• Apply a warm cloth or warm water bottle to the affected ear. This will provide some relief from the pressure and pain inside the ear.
  • Although over-the-counter pain relief drops for ears like Auralgan are more useful in outer ear infections, they may provide some temporary relief. Call our office or schedule an appointment to find out about prescription medications for ear pain.
  • Take over-the-counter medications for pain or fever, such as ibuprofen or acetaminophen. Do NOT give aspirin to children.

All children younger than 6 months with a fever or symptoms should see the doctor. Children who are older than 6 months may be watched at home if they do not have:

  • A fever higher than 102 °F
  • More severe pain or other symptoms
  • Other medical problems

If there is no improvement or symptoms get worse, schedule an appointment with your health care provider to determine whether antibiotics are needed.

A virus or bacteria can cause ear infections. Antibiotics will not help an infection caused by a virus. Many health care providers no longer prescribe antibiotics for every ear infection. However, all children younger than 6 months with an ear infection are treated with antibiotics.

At Dagan MD NYC, our doctors are more likely to prescribe antibiotics if:

  • Your child is under age 2
  • Has a fever
  • Appears sick
  • Is not improving over 24 to 48 hours

Make sure you or your child takes the antibiotics every day and finishes all the medicine, rather than stopping when symptoms go away. This is a recipe for return of the symptoms and turning bacteria more resistant to the antibiotic treatment later. If the antibiotics do not seem to be working within 48 to 72 hours, contact us or make an appointment at Dagan MD to be seen again. You or your child may need to switch to a different or stronger antibiotic.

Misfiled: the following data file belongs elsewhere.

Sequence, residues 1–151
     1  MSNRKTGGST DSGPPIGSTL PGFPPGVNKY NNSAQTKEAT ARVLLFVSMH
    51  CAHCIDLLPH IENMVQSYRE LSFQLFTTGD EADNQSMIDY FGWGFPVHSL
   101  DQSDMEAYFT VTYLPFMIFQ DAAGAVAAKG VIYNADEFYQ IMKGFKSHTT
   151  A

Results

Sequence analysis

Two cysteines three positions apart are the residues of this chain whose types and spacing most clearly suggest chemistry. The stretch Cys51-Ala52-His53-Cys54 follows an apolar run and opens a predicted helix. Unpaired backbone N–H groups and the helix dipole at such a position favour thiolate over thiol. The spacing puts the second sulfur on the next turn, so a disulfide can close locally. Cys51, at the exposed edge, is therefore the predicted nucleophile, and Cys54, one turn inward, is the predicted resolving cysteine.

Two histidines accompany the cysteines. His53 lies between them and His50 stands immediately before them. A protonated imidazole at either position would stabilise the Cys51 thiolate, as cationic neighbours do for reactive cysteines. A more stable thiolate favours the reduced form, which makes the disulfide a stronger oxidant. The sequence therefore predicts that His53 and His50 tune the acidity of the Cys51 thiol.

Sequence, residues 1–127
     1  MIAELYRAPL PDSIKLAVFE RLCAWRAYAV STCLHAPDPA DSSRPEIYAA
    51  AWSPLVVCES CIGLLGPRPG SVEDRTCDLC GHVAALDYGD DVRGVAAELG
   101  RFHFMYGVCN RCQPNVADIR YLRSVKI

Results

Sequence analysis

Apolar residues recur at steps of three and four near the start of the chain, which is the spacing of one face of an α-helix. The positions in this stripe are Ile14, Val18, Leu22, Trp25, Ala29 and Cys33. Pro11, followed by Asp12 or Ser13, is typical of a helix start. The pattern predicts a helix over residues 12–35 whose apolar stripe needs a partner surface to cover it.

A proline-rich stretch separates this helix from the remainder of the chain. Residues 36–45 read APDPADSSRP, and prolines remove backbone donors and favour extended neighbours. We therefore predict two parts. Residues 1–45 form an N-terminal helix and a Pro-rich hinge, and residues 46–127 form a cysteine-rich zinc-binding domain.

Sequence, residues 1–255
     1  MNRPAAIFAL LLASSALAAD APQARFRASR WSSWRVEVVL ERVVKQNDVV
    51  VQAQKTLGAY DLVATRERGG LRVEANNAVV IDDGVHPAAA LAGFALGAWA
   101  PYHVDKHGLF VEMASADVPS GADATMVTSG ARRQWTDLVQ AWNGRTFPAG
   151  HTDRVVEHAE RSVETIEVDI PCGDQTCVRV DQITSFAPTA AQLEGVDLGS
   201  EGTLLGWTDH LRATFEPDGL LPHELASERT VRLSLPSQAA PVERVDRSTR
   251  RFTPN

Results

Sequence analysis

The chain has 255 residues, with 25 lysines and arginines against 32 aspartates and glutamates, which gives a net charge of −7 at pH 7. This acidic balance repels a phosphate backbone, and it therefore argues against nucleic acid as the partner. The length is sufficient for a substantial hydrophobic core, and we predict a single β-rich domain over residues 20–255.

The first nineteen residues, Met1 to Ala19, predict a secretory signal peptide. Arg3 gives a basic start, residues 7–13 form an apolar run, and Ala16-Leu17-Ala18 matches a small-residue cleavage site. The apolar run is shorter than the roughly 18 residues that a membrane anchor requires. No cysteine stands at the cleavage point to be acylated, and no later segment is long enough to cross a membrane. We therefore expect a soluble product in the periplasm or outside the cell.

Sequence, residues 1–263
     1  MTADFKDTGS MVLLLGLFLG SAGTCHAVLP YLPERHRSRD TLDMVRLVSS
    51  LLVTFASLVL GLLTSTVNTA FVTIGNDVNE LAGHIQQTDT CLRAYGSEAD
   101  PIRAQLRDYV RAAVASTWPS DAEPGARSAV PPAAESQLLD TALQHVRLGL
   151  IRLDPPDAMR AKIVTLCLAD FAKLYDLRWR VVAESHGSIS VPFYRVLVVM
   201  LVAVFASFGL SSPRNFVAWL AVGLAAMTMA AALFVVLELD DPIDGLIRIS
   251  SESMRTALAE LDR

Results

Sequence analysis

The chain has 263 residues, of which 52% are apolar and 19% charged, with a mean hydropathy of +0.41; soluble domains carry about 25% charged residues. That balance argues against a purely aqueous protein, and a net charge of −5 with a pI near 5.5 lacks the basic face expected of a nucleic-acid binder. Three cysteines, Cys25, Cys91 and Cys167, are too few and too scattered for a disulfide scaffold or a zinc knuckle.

Amoxicillin or augmentin is commonly the first choice in the treatment of middle ear infections. Other antibiotics that may be given include azithromycin or clarithromycin, cefdinir, cefuroxime, cefpodoxime, amoxicillin clavulanate (Augmentin), clindamycin, or ceftriaxone.

Side effects of antibiotics may include nausea, vomiting, and diarrhea. Although rare, serious allergic reactions may also occur. Always make sure to tell us about preexisting medical conditions, other medications you may be taking and previous side effects or allergic reactions to antibiotics in the past.

Some children who suffer from repeat infections that seem to go away in between may receive a smaller, daily dose of antibiotics to prevent new infections.

What happens ff an infection does not go away with the usual medical treatment?

When there are many ear infections over a short period of time or when middle ear infections result in a non resolving accumulation of fluid inside the middle ear causing hearing loss, we may recommend the insertion of ventilating tubes in the ears.

  • In children, this procedure is performed under a brief general anesthetic in an ambulatory setting. A tiny incision is made in the ear drum through which , a very small tube is passed across the eardrum, intentionally maintaining a small hole  that allows air to get in the middle ear so fluids can drain out more easily. The tube usually remains in the ear for several months before falling out on its own. Occasionally, if middle era infections recur a different kind of tube will be inserted that may remains there even for several years before being taken out. In adults this procedure is usually performed in the office under local anesthetic.
    Usually the tubes fall out by themselves. Those that don’t fall out may be removed in your doctor’s office.